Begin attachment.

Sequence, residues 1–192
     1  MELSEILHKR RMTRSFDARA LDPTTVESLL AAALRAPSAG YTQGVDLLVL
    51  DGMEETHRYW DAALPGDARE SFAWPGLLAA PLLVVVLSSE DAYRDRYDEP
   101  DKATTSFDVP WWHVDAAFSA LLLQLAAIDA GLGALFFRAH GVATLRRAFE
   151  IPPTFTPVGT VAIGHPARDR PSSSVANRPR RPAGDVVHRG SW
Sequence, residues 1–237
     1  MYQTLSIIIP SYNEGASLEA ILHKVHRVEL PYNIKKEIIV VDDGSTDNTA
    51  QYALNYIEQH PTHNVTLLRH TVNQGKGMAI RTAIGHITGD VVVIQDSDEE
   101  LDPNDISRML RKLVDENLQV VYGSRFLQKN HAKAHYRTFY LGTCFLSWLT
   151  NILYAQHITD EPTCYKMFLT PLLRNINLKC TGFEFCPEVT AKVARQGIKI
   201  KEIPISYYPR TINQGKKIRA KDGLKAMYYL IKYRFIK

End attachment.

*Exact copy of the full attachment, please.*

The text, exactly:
Sequence, residues 1–192
     1  MELSEILHKR RMTRSFDARA LDPTTVESLL AAALRAPSAG YTQGVDLLVL
    51  DGMEETHRYW DAALPGDARE SFAWPGLLAA PLLVVVLSSE DAYRDRYDEP
   101  DKATTSFDVP WWHVDAAFSA LLLQLAAIDA GLGALFFRAH GVATLRRAFE
   151  IPPTFTPVGT VAIGHPARDR PSSSVANRPR RPAGDVVHRG SW
Sequence, residues 1–237
     1  MYQTLSIIIP SYNEGASLEA ILHKVHRVEL PYNIKKEIIV VDDGSTDNTA
    51  QYALNYIEQH PTHNVTLLRH TVNQGKGMAI RTAIGHITGD VVVIQDSDEE
   101  LDPNDISRML RKLVDENLQV VYGSRFLQKN HAKAHYRTFY LGTCFLSWLT
   151  NILYAQHITD EPTCYKMFLT PLLRNINLKC TGFEFCPEVT AKVARQGIKI
   201  KEIPISYYPR TINQGKKIRA KDGLKAMYYL IKYRFIK